Cyberthreat trends to watch for in 2017

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Faced with the volume and rapid evolution of cyber threats these days, technology solution providers (TSPs) may find offering cybersecurity to be a daunting task. But with the right knowledge to inform your security decisions, and the right solutions and mitigation strategies in place, organizations like yours can keep customers ahead of the rushing malware tide.

The Webroot team recently released the latest edition of their annual Threat Report, which gives crucial insight into the latest threat developments based on trends observed over the last year, the challenges they bring, and how to defeat them. Let’s review 2016’s Threat Report highlights.

The new norm: polymorphism

In the last few years, the biggest trend in malware and potentially unwanted applications (PUAs) observed by Webroot has been polymorphic executables. Polymorphic spyware, adware, and other attacks are generated by attackers so that each instance is unique in an effort to defeat traditional defense strategies.

Traditional security relies on signatures that detect one instance of malware delivered to a large number of people. It’s virtually useless for detecting a million unique malware instances as they are delivered to the same number of people. Signature-based approaches will never be fast enough to prevent polymorphic breaches.

During 2016, approximately 94% of the malware and PUA executables observed by Webroot were only seen once, demonstrating how prevalent polymorphism is. Oddly enough, however, the percentage of malicious executables related to malware and PUAs has dropped significantly over the past 3 years, a 23% and 81% decline, respectively.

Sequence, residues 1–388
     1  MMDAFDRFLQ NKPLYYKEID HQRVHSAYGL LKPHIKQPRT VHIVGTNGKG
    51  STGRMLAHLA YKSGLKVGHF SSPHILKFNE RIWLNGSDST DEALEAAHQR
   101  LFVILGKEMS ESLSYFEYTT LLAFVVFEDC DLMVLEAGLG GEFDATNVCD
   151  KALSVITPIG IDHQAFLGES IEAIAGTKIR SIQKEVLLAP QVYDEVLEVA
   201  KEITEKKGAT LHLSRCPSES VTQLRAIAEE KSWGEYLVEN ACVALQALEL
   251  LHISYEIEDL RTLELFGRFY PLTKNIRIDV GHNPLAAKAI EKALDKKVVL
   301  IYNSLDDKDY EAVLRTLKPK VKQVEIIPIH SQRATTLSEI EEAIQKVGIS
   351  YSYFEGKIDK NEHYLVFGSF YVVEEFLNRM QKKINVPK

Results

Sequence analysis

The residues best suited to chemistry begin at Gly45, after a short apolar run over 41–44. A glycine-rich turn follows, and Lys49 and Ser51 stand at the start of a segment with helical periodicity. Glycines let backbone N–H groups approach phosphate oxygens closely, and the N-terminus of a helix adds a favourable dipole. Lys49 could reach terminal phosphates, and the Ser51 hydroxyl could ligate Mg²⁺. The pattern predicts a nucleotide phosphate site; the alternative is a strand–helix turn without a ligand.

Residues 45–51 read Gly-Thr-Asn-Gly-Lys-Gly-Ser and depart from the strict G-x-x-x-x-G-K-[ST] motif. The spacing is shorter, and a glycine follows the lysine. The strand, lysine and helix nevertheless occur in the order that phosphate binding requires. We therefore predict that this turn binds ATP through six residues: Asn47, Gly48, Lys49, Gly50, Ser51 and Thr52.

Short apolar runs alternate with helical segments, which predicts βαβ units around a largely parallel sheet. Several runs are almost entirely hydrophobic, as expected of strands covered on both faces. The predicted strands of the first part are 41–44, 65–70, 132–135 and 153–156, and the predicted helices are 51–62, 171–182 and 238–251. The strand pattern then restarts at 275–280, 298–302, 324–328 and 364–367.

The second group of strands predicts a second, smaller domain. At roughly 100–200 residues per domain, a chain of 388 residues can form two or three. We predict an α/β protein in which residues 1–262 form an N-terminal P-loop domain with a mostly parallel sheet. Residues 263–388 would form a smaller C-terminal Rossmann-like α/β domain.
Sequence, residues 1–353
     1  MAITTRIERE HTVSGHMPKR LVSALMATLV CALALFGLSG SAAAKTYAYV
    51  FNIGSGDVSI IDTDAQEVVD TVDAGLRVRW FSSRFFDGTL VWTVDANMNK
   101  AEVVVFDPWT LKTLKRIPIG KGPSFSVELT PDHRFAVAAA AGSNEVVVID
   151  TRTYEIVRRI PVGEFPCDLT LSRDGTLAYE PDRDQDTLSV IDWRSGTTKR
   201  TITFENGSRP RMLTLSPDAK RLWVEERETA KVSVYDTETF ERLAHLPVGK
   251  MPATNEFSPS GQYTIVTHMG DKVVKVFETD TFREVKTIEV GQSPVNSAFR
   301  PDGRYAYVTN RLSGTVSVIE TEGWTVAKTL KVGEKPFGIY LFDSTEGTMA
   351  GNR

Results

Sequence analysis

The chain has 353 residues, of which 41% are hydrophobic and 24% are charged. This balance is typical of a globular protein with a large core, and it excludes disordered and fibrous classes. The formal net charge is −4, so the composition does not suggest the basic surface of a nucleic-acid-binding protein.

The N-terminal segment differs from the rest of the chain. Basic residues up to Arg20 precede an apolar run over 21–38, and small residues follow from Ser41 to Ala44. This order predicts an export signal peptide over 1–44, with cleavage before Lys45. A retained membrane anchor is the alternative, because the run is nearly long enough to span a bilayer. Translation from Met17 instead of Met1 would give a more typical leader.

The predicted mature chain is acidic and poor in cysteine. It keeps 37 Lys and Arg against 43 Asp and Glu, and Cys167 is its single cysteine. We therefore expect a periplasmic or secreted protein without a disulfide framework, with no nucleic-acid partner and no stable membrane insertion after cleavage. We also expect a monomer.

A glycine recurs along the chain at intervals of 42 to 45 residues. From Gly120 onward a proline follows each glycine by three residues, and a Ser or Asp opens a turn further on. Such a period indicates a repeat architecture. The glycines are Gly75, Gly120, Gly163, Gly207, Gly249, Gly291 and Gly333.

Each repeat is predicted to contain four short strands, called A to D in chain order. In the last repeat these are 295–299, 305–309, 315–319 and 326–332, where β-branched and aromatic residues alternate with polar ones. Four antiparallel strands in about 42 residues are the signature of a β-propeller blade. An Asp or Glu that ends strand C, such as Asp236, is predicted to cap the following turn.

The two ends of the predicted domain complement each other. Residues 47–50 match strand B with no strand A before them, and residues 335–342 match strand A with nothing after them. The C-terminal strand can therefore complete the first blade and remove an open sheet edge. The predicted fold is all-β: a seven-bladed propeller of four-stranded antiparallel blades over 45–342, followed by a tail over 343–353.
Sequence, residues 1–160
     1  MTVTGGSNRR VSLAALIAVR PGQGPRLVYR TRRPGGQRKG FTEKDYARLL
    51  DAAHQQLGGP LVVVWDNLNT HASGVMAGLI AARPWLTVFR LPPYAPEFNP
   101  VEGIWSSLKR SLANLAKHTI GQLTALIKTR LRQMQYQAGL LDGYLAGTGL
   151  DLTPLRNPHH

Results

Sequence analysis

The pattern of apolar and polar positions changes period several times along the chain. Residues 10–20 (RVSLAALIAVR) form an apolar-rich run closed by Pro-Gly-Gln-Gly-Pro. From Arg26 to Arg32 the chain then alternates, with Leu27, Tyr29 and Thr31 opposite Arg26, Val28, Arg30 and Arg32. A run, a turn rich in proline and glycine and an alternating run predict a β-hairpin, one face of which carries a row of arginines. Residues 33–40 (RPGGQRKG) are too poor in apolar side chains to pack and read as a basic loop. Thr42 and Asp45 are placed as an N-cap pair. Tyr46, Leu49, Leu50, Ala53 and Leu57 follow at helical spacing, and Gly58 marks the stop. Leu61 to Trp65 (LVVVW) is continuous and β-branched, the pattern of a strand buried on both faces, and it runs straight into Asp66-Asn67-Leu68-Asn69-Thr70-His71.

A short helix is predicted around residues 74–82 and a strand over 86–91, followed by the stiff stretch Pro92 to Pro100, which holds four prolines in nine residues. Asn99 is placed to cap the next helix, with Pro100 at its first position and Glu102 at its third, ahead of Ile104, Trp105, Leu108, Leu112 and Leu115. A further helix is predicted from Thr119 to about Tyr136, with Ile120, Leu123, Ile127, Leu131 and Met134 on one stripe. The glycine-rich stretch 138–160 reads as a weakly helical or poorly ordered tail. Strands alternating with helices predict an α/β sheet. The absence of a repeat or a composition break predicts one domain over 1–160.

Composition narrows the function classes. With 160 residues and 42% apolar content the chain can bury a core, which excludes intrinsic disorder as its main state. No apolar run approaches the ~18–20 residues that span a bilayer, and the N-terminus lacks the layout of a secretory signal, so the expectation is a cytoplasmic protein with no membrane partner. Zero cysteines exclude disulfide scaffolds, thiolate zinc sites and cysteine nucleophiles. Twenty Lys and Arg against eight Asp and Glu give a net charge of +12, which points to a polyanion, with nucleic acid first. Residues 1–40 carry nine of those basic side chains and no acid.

While this decline in the volume of new malware encountered by Webroot customers is a decidedly positive trend, TSPs and their customers should continue to treat malware as a major threat. Approximately one in every 40 new executable file instances observed in 2016 was malware. These types of files are customized and often designed to target individuals, and cannot be stopped by traditional antimalware technologies.

Ransomware continues to rise

You’ve probably heard about at least one of the numerous ransomware attacks that have crippled hospitals and other institutions. According to the FBI, cybercriminals were expected to collect over $1 billion in ransoms during 2016.[1] It’s quite likely that actual losses suffered were even higher, given the disruption of productivity and business continuity, as well as a general reluctance to report successful ransomware attacks.

In 2017, Webroot anticipates that ransomware will become an even larger problem. According to the Webroot Threat Research team, the following are 3 ransomware trends to be aware of:

Locky, the most successful ransomware of 2016

In its first week in February 2016, Locky infected over 400,000 victims, and has been estimated to have earned over $1 million a day since then.[2] Throughout 2016, Locky evolved not only to use a wide variety delivery methods, but also to camouflage itself to avoid detection and to make analysis more difficult for security researchers. Locky shows no signs of slowing down, and is likely to be equally prolific in the coming year.

Exploit kits

The second important trend involves the frequent changes in the exploit kits ransomware authors use. As an example, most exploit kit ransomware in the first half of 2016 was distributed using Angler or Neutrino. By early June, Angler-based ransomware had virtually disappeared, as cybercriminals began switching to Neutrino. A few months later, Neutrino also disappeared. Toward the end of 2016, the most commonly used exploit kits were variants of Sundown and RIG, most of which support Locky.

Ransomware-as-a-service (RaaS)

Despite having emerged in 2015, ransomware-as-a-service (RaaS) didn’t find its place in the ransomware world until 2016. RaaS enables cybercriminals with neither the resources nor the know-how to create their own ransomware and easily generate custom attacks. The original authors of the RaaS variant being used gets a cut of any paid ransoms. RaaS functions similarly to legitimate software, with frequent updates and utilities to help distributors get the most out of their service. The availability and ease of RaaS likely means even greater growth in ransomware incidents.

Stay informed

The best defense is knowing your enemy. Download the complete 2017 Webroot Threat Report to get in-depth information on the trends we’ve explored above, as well as other crucial insights into phishing, URL, and mobile threats.

The above information was provided by Webroot.